When making my own natural cleaners I have been a little skeptical of whether they actually kill major bacteria on areas such as the toilet seat. Even though I feel pretty good about the natural all purpose cleaner I made last week, I felt like I needed an antibacterial spray for extra bacteria prone places. Again, in the allyou magazine I found a recipe for an antibacterial spray. 

In order to make this cleaner I had to invest in just one additional ingredient - white thyme essential oil. It can be a little more expensive than some of the other essential oils, but it goes a long way. The great thing about white thyme oil is that it prevents bacterial growth - which I am all for.

2 cups water
2 Tbsp. liquid castile soap
1 Tbsp. white thyme essential oil
10 drops lavender essential oil

Using a funnel I poured all the ingredients into my 24 oz spray bottle. Then I shook the bottle to make sure the ingredients were well blended. Super easy. When you clean with the spray you do have to let it sit on the surface for 20 minutes before you wipe down the surface with a damp cloth. 

Wednesday, September 12, 2012

wordless wednesday

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Tuesday, September 11, 2012

birthday fun

today is michael's birthday! happy birthday to my amazing husband whom i love so much. 

since michael's birthday last year wasn't very exciting because he was finishing up his seminary degree that week - we decided to celebrate a little more this year.

he got a head start this weekend celebrating with great friends.

Monday, September 10, 2012

milling mondays: æbleskiver

this post first appeared on the grain mill wagon

When I received the WonderMill and started milling my own flour (read more about why I started milling my own flour here) I knew I wanted to try out my Danish recipes using this fresh and nutritional flour. Growing up in Denmark æbleskiver was a great dessert/snack – especially in the fall. As fall is approaching I thought it would be nice to make 100% whole wheat æbleskiver.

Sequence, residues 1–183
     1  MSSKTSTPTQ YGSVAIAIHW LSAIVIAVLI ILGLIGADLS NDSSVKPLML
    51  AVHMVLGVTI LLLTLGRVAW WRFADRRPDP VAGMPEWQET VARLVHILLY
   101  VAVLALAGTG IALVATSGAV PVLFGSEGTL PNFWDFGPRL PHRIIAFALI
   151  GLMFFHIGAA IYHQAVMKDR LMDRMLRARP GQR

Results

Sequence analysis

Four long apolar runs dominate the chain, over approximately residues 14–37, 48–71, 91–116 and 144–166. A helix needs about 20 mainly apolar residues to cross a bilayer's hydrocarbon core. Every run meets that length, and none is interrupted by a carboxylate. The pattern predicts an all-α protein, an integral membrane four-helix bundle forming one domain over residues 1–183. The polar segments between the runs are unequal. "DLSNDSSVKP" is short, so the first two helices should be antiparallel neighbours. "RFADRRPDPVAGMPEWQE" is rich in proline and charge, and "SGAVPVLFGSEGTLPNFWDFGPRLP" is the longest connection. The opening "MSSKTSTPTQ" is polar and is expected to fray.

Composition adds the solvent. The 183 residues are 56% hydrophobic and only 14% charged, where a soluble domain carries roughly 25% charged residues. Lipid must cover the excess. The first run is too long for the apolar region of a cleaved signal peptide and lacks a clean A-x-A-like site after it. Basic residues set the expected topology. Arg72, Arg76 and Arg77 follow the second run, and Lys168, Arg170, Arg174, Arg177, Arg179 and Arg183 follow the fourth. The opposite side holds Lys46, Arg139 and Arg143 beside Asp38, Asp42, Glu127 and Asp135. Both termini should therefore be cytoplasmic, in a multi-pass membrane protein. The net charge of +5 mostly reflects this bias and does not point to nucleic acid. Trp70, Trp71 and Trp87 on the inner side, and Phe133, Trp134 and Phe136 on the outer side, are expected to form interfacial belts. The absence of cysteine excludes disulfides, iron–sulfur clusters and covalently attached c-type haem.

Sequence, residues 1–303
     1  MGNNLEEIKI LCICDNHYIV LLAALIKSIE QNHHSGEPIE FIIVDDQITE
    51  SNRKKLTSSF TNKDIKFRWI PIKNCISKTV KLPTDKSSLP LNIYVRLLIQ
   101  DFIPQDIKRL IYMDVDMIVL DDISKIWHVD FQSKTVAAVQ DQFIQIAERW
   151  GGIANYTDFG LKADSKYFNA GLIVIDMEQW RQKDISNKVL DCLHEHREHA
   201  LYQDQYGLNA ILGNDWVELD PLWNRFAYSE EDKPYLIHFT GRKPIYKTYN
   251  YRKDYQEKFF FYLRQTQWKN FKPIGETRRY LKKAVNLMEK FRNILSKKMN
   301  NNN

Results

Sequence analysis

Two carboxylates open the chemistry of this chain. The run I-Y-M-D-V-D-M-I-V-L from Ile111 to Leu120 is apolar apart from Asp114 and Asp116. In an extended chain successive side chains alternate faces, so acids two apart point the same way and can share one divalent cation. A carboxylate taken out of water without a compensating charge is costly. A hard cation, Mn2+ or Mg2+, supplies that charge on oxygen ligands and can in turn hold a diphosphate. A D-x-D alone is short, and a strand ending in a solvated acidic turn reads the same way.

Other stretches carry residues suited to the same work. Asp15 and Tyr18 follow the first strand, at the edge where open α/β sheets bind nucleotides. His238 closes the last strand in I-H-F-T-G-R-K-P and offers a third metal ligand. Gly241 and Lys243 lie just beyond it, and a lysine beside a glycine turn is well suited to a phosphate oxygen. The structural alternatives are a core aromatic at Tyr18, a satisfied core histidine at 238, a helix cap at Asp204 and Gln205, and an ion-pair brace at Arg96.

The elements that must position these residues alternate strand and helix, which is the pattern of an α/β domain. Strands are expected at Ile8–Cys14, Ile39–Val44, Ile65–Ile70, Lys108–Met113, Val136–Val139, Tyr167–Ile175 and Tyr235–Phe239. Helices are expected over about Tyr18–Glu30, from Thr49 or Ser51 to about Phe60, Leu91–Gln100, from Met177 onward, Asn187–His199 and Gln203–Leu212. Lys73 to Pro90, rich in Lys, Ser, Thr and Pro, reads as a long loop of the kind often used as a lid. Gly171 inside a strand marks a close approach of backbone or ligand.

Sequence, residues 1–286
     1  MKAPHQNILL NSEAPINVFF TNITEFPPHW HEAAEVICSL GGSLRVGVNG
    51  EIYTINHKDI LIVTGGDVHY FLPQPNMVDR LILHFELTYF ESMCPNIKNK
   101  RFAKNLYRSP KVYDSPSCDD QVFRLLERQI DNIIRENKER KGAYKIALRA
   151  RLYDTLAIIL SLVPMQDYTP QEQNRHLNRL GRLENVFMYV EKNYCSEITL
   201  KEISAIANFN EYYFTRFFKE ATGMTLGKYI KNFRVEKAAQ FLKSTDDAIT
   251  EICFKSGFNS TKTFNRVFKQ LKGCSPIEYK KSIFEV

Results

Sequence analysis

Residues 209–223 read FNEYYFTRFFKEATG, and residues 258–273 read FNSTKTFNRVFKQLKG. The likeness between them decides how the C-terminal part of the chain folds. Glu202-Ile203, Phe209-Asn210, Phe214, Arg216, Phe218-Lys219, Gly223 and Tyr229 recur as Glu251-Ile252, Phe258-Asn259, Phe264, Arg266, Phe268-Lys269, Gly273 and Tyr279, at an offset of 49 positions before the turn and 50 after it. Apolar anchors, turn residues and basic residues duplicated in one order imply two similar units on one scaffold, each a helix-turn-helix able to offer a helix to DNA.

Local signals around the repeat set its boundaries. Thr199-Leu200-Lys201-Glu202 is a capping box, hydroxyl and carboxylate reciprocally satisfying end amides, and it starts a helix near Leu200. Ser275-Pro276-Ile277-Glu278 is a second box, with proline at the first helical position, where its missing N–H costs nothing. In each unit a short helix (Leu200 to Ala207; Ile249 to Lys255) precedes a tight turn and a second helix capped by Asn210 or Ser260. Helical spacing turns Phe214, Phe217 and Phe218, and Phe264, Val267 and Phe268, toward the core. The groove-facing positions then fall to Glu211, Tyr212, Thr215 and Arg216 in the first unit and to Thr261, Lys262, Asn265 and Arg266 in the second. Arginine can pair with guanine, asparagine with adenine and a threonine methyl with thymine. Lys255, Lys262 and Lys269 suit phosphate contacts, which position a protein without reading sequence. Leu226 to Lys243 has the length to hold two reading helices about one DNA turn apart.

125 g hard white wheat
125 g soft white wheat
1 tsp sugar
½ tsp baking soda
1 tsp cardamom
Zest of half a lemon
2 cups buttermilk (if you don’t have butter milk you can use 1 cup milk and 1 cup yogurt)
2 eggs
Æbleskive pan and turning tool such as a knitting pin
Recipe yields about 30 æbleskiver
The advantage of using grams instead of cups is that when you measure your wheat berries in grams it produces the exact amount of grams of flour you need. When you measure wheat berries in cups then you will end up with more flour than needed. Either way will work though. Most food scales also measure in grams and make it easy to figure out if you don’t normally use grams.
Grind the hard and soft wheat berries in your grain mill. I of course use my WonderMill.
In order for the æbleskivers not to be too dense sift the flour twice. Use a very fine sift to ensure as much of the bran as possible is left behind. I use this one. Save the bran that was sifted from the flour to use later in, for example, your cereal to give you extra bran.

Mix together the sifted flour, sugar, baking soda, cardamom and lemon zest. Then mix it together with the buttermilk.  Finally add one egg at a time to the mixture. I use a blender for quick and easy mixing.

Heat the æbleskive pan. It needs to be very warm. When it is warm enough add Crisco to each hole in the pan (I don’t usually like using Crisco or other fats like this, but your æbleskivers really will not turn out right if you don’t use it).

Fill each area in the pan with 2/3 dough. The æbleskivers need to be baked with even heat and need to be turned before the dough becomes too stiff (you may want to turn the heat down to medium/medium high after the pan is heated up to ensure they don’t burn).  This step might take some trial and error as you make it the first time. Either way, the first round usually doesn’t turn out as good as the following ones. Once you get the hang of it, it is pretty easy.  Each æbleskive takes about 5-6 minutes to bake (2-3 minutes on each side).

The most common way to eat æbleskiver in Denmark is with jam and powdered sugar. This may not be the most healthy of treats (but it must be more healthy with 100% whole wheat flour, right:)) but they are very YUMMY.

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Friday, September 7, 2012


This past weekend we went camping with the Lays. We had a wonderful time relaxing and hanging out. Thanks for a great weekend!

the wave

love their facial expressions...
michael doing his thing...